In Beyond the Wilds, author Mary Kolisnyk Spry-Myers sets out to create a work of historical fiction based on the experiences of her Ukrainian relatives, who immigrated to Canada in the 1800s.
Although most readers would sympathize with Helena, the title character, the book falls short as a novel. The narrative style, interspersed with informational chapters for historical context, lacks vigor, and elements of fiction (scenes, plot, subplot, dialogue and fleshed-out characters) are, for the most part, missing.
Helena doesn’t appear until chapter 17. Before that, we meet Michael, a boy from her Ukrainian village whose family, like Helena’s, immigrated to Manitoba. Michael and Helena reconnect on a train in Canada. They marry, and their struggles continue until chapter 39, when, suddenly, the focus shifts to their daughter Emily, through whose memory the novel unfolds. It is clear that Emily is the author.
Unfortunately, Spry-Myers doesn’t bring an Eastern European voice to the text, which would have set it apart. Her pioneer immigrants could hail from most anywhere, and their experiences are reminiscent of the Little House on the Prairie-type episodes most Americans are familiar with: the land is difficult to farm; the climate is harsh; education is the key to success, but achieving it demands persistence and ingenuity.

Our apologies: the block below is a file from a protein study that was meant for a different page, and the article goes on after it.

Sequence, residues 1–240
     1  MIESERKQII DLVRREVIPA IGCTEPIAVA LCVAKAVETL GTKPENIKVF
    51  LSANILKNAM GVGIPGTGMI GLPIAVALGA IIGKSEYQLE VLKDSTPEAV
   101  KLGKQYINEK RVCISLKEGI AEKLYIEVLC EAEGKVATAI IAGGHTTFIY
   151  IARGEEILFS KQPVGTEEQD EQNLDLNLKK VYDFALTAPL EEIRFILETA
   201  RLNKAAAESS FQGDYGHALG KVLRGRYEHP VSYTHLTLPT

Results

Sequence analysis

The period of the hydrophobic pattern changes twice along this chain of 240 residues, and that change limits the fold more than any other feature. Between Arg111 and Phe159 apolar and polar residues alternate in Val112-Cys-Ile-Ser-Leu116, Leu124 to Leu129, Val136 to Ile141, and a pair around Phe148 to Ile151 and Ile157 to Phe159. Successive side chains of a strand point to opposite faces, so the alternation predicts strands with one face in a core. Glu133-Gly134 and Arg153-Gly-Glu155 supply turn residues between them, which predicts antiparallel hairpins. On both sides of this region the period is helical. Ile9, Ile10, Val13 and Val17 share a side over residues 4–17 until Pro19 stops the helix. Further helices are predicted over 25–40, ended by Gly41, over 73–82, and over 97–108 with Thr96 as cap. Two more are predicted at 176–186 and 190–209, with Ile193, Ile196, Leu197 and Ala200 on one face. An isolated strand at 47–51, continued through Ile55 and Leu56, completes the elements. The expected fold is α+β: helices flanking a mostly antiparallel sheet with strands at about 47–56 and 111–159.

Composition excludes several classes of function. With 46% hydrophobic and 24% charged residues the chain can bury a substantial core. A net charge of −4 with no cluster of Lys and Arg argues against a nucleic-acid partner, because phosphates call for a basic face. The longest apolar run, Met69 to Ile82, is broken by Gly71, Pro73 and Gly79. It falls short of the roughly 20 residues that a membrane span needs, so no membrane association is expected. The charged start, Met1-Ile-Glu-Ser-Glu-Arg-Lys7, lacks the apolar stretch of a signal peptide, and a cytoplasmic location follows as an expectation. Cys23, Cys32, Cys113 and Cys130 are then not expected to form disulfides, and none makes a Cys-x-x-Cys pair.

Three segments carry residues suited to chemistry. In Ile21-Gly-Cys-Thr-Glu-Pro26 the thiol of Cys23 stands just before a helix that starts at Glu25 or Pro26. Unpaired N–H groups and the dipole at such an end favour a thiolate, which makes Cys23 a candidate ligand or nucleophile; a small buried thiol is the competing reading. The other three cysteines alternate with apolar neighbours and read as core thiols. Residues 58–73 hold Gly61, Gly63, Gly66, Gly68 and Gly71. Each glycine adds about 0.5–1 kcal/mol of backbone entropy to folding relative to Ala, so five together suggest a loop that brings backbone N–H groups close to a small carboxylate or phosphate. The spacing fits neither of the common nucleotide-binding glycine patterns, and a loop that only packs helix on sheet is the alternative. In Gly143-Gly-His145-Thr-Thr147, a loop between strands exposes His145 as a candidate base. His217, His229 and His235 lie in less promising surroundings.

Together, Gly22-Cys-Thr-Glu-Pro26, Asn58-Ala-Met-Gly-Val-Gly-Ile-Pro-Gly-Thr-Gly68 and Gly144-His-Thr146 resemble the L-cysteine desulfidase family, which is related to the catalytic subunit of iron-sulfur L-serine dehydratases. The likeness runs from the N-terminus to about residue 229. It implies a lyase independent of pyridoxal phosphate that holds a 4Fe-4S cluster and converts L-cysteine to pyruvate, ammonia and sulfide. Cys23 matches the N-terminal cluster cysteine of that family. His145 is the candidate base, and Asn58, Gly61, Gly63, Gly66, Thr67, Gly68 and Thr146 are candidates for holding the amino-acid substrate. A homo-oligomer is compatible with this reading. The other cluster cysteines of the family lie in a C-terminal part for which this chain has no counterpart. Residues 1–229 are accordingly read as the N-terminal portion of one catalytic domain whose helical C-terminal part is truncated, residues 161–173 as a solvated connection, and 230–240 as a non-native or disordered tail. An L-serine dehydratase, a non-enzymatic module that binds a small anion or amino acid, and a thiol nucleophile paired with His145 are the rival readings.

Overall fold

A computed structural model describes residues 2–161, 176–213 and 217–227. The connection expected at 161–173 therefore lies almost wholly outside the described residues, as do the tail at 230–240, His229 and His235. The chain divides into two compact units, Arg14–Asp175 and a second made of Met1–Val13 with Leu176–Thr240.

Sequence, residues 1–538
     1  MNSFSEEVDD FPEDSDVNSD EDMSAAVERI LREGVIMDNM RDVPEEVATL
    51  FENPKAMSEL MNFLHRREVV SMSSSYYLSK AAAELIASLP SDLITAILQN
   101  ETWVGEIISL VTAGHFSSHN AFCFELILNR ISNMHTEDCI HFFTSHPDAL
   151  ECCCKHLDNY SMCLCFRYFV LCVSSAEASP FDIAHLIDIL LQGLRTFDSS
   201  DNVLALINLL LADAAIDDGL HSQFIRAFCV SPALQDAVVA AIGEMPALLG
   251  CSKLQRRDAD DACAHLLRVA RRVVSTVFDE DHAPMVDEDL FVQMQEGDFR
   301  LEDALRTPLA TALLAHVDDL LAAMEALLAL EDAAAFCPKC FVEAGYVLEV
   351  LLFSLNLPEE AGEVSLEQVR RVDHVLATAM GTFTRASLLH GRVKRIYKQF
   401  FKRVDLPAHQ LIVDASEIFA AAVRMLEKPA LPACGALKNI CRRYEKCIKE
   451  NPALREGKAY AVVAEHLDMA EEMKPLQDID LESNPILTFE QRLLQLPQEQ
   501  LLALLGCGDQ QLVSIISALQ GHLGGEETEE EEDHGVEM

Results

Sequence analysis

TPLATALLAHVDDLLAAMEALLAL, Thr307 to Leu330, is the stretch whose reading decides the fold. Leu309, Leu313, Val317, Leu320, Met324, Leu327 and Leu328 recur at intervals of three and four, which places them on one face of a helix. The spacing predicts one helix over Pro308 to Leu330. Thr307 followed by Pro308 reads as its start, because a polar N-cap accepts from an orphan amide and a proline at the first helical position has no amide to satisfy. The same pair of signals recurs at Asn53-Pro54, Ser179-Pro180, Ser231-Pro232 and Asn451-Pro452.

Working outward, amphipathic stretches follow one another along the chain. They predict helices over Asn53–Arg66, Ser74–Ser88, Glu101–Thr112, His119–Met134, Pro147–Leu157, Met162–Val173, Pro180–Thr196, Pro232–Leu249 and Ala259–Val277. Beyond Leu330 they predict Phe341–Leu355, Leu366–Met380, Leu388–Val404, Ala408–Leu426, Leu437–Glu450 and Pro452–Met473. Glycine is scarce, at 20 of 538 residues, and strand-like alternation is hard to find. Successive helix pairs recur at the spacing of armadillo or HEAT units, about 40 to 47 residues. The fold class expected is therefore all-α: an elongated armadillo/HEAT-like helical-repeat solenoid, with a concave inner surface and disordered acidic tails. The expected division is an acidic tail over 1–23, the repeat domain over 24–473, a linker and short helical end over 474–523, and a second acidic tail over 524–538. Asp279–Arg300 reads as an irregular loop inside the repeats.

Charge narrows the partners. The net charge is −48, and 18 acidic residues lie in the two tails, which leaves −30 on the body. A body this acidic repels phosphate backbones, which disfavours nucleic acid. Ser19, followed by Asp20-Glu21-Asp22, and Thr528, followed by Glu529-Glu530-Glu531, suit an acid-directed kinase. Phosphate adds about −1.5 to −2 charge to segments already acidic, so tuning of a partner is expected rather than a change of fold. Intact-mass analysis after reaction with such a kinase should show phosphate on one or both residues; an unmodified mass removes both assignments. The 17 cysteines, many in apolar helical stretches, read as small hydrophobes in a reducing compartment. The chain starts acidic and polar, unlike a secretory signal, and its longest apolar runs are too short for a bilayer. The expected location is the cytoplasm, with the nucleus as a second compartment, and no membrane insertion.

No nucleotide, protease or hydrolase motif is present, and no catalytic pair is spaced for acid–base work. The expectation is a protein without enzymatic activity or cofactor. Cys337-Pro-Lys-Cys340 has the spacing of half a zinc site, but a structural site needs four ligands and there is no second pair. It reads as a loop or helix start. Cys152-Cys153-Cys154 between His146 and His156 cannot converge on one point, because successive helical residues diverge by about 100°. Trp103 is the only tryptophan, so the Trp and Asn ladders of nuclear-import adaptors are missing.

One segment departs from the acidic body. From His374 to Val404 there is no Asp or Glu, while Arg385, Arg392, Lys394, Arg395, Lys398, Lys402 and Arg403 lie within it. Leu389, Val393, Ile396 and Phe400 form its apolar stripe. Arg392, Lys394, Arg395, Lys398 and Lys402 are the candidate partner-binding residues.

Readers of historical nonfiction, especially stories of pioneer life, might like Beyond the Wilds, but it would be more enjoyable and believable if the author had written a family history using the actual names of her relatives, included dialogue reflecting their country of origin and woven the informative portions throughout when appropriate. In addition, a thorough proofreading would have caught more typos in the text.
Also available in hard cover.